I’m sure I will get some dissenting views posted in comments regarding this, but I just came to this conclusion while trying to track down a memory bug in the past few days. First of all, what’s the difference? Take the follow code to set up our scenario:

std::vector myVec; 

If we use the array access operator ([]) we might do something like this: ` myVec[5] = 10;`

We have clearly accessed an element which is past the end of the array, but what happens? Worst case, nothing. In the worst case scenario it appears to work and we never know that we have caused a problem until months down the road when we are wondering why some random memory location now contains “10.” Best case, the application crashes on the spot and we know exactly what we did wrong. Alternatively, we could use the .at() accessor:

myVec.at(5) = 10;

In this case an std::out_of_range exception is thrown and we know immediately that we have a problem with our code. I’ve spent a fair amount of my time on this website and on other websites extolling the virtues of C++ and the fact that it is quite memory safe when used properly. However, I have been using the [] accessors in situations where I did not first check the array bounds and verify that I would not ever be causing memory corruption problems. Using .at() adds overhead, as each access must be range checked first, so it should not be used in tight loops, particularly when the range is known ahead of time.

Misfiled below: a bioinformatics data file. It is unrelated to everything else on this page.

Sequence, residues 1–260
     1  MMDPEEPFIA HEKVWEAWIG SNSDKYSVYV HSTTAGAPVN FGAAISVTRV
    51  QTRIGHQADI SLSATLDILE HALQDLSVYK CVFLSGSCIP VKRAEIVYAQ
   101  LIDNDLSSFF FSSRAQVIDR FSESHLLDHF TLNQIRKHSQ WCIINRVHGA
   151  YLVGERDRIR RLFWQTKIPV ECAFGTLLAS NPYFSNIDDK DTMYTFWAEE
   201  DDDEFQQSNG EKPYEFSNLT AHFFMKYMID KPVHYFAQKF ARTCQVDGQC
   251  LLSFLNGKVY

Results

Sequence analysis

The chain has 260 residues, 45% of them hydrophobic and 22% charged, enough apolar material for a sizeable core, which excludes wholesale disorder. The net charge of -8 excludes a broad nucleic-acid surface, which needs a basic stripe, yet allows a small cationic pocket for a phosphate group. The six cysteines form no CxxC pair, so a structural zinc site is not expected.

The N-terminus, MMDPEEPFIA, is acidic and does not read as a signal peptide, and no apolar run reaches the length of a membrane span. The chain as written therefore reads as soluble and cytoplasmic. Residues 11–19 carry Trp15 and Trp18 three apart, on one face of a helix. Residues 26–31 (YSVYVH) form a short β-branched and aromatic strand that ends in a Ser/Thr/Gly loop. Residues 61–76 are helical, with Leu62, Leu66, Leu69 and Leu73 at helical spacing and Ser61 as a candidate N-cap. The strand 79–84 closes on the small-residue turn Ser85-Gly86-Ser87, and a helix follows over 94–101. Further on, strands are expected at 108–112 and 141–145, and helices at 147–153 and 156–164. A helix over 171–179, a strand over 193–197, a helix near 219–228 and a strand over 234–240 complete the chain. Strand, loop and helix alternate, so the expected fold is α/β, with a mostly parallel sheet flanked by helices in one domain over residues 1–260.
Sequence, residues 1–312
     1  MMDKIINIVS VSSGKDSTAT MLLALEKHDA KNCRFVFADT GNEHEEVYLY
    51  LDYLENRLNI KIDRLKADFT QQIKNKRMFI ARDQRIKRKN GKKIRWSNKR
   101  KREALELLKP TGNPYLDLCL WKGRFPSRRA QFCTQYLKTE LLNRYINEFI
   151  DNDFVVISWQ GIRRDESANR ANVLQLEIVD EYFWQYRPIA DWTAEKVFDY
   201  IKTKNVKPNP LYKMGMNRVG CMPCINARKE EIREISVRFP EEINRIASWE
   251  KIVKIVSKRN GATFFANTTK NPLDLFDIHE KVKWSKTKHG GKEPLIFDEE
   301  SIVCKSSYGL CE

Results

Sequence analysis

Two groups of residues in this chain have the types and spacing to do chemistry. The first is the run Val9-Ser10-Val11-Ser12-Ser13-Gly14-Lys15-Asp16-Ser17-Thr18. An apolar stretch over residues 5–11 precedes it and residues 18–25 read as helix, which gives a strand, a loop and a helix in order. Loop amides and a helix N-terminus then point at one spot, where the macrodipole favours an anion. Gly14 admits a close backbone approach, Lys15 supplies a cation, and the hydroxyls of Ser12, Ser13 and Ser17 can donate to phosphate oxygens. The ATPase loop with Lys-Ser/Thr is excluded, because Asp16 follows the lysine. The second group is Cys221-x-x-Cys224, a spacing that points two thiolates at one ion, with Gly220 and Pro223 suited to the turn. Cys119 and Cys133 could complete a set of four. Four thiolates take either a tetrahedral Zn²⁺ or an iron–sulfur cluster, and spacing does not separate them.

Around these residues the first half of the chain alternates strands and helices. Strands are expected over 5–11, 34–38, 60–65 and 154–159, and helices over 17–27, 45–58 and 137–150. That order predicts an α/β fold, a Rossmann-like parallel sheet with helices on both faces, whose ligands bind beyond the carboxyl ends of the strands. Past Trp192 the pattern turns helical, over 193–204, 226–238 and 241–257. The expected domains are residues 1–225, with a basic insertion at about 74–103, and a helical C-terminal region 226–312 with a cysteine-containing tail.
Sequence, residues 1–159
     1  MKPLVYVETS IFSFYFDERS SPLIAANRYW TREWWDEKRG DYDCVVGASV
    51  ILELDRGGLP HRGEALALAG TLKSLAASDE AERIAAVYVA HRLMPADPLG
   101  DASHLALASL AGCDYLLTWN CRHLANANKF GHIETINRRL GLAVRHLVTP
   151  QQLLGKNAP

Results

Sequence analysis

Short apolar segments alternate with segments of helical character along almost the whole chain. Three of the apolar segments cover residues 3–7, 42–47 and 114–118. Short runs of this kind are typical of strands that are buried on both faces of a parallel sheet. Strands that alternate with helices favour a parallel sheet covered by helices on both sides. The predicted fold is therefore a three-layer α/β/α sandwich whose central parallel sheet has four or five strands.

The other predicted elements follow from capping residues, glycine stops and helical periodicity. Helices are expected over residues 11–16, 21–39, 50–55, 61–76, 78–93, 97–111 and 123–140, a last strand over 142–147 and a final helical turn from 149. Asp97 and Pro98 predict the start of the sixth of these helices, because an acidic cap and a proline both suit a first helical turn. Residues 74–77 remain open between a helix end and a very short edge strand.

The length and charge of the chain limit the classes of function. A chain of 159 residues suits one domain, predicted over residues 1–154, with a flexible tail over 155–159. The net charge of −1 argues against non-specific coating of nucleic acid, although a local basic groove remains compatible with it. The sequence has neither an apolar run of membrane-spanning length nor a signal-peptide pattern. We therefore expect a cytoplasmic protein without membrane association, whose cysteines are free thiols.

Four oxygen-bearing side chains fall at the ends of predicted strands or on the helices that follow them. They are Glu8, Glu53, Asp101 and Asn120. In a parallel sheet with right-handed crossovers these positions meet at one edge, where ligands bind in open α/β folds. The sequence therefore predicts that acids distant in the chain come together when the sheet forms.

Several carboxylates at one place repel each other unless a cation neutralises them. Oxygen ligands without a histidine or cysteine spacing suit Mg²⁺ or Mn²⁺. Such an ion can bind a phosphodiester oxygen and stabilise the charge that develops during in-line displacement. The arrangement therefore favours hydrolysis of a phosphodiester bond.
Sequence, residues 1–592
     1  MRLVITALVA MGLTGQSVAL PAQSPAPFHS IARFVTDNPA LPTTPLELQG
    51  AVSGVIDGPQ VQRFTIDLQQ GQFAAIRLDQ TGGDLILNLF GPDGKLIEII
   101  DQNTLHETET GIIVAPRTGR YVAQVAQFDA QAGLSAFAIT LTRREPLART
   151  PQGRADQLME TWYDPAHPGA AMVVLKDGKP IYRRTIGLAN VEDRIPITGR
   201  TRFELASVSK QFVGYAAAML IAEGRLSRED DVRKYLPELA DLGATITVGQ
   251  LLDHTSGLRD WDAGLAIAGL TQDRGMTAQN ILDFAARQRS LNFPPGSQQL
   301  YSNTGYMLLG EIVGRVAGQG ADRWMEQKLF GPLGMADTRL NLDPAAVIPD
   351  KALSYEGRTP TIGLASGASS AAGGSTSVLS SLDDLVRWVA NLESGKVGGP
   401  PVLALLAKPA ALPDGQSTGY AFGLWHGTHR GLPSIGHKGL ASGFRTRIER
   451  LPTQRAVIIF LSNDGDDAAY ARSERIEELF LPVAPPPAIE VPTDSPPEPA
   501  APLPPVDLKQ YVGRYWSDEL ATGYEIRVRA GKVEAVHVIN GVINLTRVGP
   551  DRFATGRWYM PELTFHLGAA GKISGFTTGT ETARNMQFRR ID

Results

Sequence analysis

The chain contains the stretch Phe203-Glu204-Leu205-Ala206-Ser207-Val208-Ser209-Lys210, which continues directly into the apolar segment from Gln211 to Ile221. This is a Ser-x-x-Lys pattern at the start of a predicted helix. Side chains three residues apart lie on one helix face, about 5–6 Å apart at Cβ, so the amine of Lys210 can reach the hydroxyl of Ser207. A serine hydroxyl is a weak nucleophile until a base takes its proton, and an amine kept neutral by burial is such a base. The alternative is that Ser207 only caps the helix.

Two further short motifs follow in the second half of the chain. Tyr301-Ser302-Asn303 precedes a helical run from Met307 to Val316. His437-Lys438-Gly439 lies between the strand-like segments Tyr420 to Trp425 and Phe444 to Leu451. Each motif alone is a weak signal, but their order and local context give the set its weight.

for (int i = 0; i < myVec.size(); ++i) {    
  myVec[i]; // do something 

//Or better yet, let's keep our algorithms generic in case 
//we decide to swap the vector out with a list later on because 
//we learn we are inserting things into the middle more then  
//is healthy for a vector 

doSomethingOverRange(myVec.begin(), myVec.end());